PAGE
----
The space-time continuum would have felt a great disturbance in the Force, as if millions of History Channel viewers suddenly cried out in disappointment, and were suddenly silenced. No Nazi Knights Templar From Outer Space in Search Holy Blood, Holy Grail for you, History viewers. Only Knights Templar From Outer Space in Search of Holy Blood, Holy Grail.

Thin gruel.

Two things thwarted Cousin Tom’s sudden silencing of malign time, one Big, one small.

The Big Thing was the missing Twenty-fifth Amendment, which might as well be called Cousin Tom’s Amendment:

Section 1. In case of the removal of the President from office or of his death or resignation, the Vice President shall become President.

Section 2. Whenever there is a vacancy in the office of the Vice President, the President shall nominate a Vice President who shall take office upon confirmation by a majority vote of both Houses of Congress.

Section 3. Whenever the President transmits to the President pro tempore of the Senate and the Speaker of the House of Representatives his written declaration that he is unable to discharge the powers and duties of his office, and until he transmits to them a written declaration to the contrary, such powers and duties shall be discharged by the Vice President as Acting President.

Section 4. Whenever the Vice President and a majority of either the principal officers of the executive departments or of such other body as Congress may by law provide, transmit to the President pro tempore of the Senate and the Speaker of the House of Representatives their written declaration that the President is unable to discharge the powers and duties of his office, the Vice President shall immediately assume the powers and duties of the office as Acting President.

Thereafter, when the President transmits to the President pro tempore of the Senate and the Speaker of the House of Representatives his written declaration that no inability exists, he shall resume the powers and duties of his office unless the Vice President and a majority of either the principal officers of the executive department or of such other body as Congress may by law provide, transmit within four days to the President pro tempore of the Senate and the Speaker of the House of Representatives their written declaration that the President is unable to discharge the powers and duties of his office. Thereupon Congress shall decide the issue, assembling within forty-eight hours for that purpose if not in session. If the Congress, within twenty-one days after receipt of the latter written declaration, or, if Congress is not in session, within twenty-one days after Congress is required to assemble, determines by two-thirds vote of both Houses that the President is unable to discharge the powers and duties of his office, the Vice President shall continue to discharge the same as Acting President; otherwise, the President shall resume the powers and duties of his office.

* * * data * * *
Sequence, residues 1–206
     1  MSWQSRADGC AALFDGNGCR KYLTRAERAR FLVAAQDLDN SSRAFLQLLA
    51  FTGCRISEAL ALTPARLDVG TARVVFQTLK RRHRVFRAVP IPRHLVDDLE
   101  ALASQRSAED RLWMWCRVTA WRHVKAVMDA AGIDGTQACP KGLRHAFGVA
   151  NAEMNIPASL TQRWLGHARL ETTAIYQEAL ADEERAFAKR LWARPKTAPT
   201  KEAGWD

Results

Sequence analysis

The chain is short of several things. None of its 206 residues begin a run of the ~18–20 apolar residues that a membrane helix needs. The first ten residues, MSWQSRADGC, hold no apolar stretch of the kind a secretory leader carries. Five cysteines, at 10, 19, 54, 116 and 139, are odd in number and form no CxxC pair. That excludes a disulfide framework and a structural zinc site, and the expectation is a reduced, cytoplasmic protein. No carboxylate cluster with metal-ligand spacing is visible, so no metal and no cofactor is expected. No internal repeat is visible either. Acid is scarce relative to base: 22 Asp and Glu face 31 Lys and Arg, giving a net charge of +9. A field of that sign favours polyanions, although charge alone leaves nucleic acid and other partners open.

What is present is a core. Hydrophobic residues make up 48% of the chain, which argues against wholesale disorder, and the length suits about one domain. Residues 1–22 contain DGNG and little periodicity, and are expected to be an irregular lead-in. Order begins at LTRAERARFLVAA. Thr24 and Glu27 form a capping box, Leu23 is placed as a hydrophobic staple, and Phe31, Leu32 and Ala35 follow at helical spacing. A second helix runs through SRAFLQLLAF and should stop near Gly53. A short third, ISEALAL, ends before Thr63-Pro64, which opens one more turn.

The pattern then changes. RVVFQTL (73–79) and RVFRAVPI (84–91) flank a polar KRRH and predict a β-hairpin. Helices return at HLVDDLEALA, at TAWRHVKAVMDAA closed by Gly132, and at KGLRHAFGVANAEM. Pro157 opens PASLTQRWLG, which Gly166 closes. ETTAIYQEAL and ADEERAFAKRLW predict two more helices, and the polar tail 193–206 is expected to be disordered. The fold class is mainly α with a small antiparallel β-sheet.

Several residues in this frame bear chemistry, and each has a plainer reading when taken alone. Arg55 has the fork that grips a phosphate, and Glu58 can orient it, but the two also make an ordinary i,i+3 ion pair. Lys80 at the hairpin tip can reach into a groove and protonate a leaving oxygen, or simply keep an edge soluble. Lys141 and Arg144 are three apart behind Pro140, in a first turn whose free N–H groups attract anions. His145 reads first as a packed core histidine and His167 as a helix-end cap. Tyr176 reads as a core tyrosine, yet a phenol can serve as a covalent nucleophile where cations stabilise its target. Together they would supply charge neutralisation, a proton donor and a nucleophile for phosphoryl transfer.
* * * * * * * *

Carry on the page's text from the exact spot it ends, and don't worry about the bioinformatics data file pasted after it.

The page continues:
Not ratified until February 10, 1967. Much too late to stop Hitler.

Cousin Tom was stuck with:

In Case of the Removal of the President from Office, or of his Death, Resignation, or Inability to discharge the Powers and Duties of the said Office, the Same shall devolve on the Vice President, and the Congress may by Law provide for the Case of Removal, Death, Resignation or Inability, both of the President and Vice President, declaring what Officer shall then act as President, and such Officer shall act accordingly, until the Disability be removed, or a President shall be elected.

Insufficient to force change on a reluctant timeline. Cousin Tom was no aggressor like the traitor Tyler.

The small thing that prevented Cousin Tom from stopping Hitler? Cousin Tom was no mirror for princes.